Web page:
Mizuki Tatsunosuke I

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  • Birth: 1673
  • Death: 1745/9/23[1]
  • Other Names: Yamatoya Uzaemon, Tsurukawa Tatsunosuke II, Tsuyugawa Ryûnosuke, Yamatoya Ushimatsu, Jinkurô, Seijûrô, Yamatoya (yagô)
  • Japanese: 初代水木辰之助[2] (Shodai Mizuki Tatsunosuke)

Mizuki Tatsunosuke I was an onnagata kabuki actor based primarily in Kamigata. Along with Yoshizawa Ayame I, Ogino Sawanojô, and Sodesaki Karyû, he was considered one of the "Wakaonnagata no Shitennô", and was particularly celebrated for his spear dances (yari odori) and quick-change dances (hengemono). The Mizuki school of Nihon buyô (dance) which bears his name is still active today.

Tatsunosuke was the nephew and son-in-law of actor Yamatoya Jinbei I[3]; his father was the actor Saitô Shinpachi, who specialized in comic villain roles.[4]

He was born in Osaka, and spent his early years as a wakashu child actor, playing young male roles, there, under the names Yamatoya Ushimatsu, Tsuyugawa Ryûnosuke, and Tsurugawa Tatsunosuke II.[4]

In 1688 or 1689[5], he traveled to Kyoto with his uncle, became a waka-onnagata, and began playing female roles. He made his Edo debut in 1691/8, playing the role of Ofuji of Arima in an O-ie Sôdô play written especially for him by Chikamatsu Monzaemon; he had played the same role in another play earlier that year, in Kamigata.[1][6]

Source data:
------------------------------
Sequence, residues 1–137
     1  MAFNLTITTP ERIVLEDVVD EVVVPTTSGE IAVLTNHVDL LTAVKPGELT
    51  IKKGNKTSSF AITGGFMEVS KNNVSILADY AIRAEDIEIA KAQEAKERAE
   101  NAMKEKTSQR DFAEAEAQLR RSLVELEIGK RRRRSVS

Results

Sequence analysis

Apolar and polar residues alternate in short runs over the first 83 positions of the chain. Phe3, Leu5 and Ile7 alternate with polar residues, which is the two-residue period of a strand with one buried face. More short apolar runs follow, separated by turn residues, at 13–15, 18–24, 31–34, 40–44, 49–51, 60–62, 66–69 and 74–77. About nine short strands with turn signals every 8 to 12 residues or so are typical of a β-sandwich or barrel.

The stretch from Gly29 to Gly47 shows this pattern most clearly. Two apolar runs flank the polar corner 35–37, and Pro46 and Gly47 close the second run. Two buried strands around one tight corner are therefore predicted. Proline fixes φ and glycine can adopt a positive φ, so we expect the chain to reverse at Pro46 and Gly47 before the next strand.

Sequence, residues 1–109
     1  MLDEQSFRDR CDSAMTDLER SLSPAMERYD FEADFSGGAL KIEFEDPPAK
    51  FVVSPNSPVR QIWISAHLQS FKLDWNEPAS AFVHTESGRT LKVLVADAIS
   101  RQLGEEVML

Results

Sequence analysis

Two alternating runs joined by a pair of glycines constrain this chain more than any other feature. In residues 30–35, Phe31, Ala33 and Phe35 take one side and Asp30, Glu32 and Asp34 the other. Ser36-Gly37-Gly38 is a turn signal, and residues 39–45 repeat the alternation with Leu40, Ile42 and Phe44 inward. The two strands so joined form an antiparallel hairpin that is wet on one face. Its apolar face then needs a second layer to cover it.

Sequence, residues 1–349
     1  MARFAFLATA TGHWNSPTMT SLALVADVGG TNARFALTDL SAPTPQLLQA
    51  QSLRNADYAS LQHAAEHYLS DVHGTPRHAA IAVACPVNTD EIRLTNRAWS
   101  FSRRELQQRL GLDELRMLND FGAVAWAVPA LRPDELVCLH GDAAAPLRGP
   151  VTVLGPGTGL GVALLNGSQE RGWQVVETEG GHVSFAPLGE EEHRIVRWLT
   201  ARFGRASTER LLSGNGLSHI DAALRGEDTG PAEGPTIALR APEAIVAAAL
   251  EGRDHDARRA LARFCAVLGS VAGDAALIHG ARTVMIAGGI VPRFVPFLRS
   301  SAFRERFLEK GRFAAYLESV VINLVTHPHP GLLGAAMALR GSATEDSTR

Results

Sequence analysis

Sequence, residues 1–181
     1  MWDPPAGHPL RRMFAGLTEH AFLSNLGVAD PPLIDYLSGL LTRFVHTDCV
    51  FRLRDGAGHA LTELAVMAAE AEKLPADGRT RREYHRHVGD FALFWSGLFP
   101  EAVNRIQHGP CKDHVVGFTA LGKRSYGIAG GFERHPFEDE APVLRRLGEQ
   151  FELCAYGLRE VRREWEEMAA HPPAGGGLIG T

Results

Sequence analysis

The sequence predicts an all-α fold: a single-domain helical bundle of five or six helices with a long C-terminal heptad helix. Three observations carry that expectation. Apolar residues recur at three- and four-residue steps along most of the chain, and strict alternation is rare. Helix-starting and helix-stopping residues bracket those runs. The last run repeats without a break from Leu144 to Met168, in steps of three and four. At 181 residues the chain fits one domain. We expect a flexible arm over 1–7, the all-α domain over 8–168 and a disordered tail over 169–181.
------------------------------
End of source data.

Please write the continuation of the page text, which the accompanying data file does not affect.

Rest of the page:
Over the course of his career, Tatsunosuke traveled to Edo several times, though he mostly performed in Kyoto. He performed alongside Ichikawa Danjûrô I on a number of occasions, as well as alongside his uncle, and the famous onnagata Yoshizawa Ayame.

Like Uemura Kichiya I, Tatsunosuke also had a style of tying the obi (belt) of a kimono named after him. The Mizuki-musubi was quite similar to the Kichiya-musubi, in which the ends of the bow were weighed down, and drooped like puppies' ears; in the Mizuki-musubi knot, the drooping bits were longer.[7] At times in his career, purple hats he wore onstage (all onnagata were forced by law to wear these kerchiefs rather than full wigs onstage) became popular fashion items in both Kyoto and Edo; a shop in Edo also sold jewel caskets for a time, marketed as "souveniers of Mizuki."[4]

Tatsunosuke's dance talents are said to have been an excellent contrast to the acting skills of Yoshizawa Ayame, and diary entries from the 1698 diaries of Kaneko Kichizaemon indicate that Tatsunosuke also supervised choreography.[1]

Following his uncle's death in 1704, he retired. He was followed by a Tatsunosuke II and Tatsunosuke III, but remains the most famous member of the lineage.[1] His disciples included Mizuki Somenosuke I, Mizuki Somenosuke II, Miogi Naniwa, Yamatoya Jin'emon, Mizuki Tominosuke, and Mizuki Sawanosuke.[4]


  1. 1.0 1.1 1.2 1.3 "Mizuki Tatsunosuke (shodai)." Asahi Nihon Rekishi Jinbutsu Jiten. Accessed via Kotobank.jp, 15 May 2010.
  2. He originally wrote Mizuki with the character 椹, but changed it to 水木 in 1690.
  3. Asahi Nihon Rekishi Jinbutsu Jiten. Though, according to Kabuki21.com, the uncle was Yamatoya Jinbei II.
  4. 4.0 4.1 4.2 4.3 "Mizuki Tatsunosuke I." Kabuki21.com. Accessed 15 May 2010.
  5. the Asahi encyclopedia indicates 1688, though Kabuki21 says 1689.
  6. Kabuki21.com indicates, in another disagreement with the Kotobank source, that it was not until some years later - and in Kyoto - that he performed in this Chikamatsu piece.
  7. *Waterhouse, David. "The Hishikawa Mode." Impressions 31 (2010). p48.